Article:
The financial services industry is rapidly adopting cloud computing. By evolving existing IT infrastructures to include cloud capabilities, financial institutions can achieve significant operational and cost benefits in the delivery of their services. Demands for faster access to information, greater transparency, and improved risk management are driving change and transition. Banks are competing with services like PayPal today and are using the cloud to cut costs. In addition, insurance firms use cloud to increase revenue, the adoption of SaaS for example is strongest in the insurance sector.  Overall most implementations are private cloud with some hybrid cloud scenarios. As you can imagine, financial service organisations are extremely sensitive to having data outside of their location.

They are embracing new technologies and service models that deliver IT faster, cheaper, and smarter, while making their companies more responsive and competitive. Public cloud computing is at the forefront of this dramatic shift in IT. Offering predictable costs, faster provisioning, and infinite scale, more organisations are incorporating these cloud resources into their IT mix. Customers today want to bank or transact whenever and wherever they want. Global financial management is not easy, but because of technology today, we can go almost anywhere in the world and still retrieve information or withdraw money in local currency.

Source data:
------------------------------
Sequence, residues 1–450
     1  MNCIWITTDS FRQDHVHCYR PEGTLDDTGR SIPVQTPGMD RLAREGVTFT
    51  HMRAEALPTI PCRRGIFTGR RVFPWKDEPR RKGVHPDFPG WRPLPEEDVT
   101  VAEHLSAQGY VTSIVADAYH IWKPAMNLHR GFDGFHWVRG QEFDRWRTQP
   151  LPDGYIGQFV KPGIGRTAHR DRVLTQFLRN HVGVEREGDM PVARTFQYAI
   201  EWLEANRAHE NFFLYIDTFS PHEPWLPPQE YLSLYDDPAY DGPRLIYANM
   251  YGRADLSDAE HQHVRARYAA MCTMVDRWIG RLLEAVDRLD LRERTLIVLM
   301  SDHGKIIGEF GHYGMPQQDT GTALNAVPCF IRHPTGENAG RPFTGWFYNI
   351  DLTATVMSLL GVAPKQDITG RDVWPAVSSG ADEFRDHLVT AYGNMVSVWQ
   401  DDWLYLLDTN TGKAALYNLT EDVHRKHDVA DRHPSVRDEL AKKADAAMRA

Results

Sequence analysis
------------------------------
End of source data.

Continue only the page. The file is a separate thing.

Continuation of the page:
In fact, the financial services sector is quite advanced when it comes to global reach and progress. Contrary to healthcare or government sectors, the fluidity of currency or financial information is quite remarkable across the world today thanks to advances in technology and this sector has yet to hit a breaking point of innovation in technology.

Ultimately, the entire financial industry has become entwined with technology. Monetary infrastructures depend on it to enable global financial services. Data in particular has completely changed the financial experience and will continue to do so as we move into the realm of digital currency.

By Ramanujam Komanduri

The writer is director, Enterprise Business, India & SAARC operations, NetApp Marketing & Services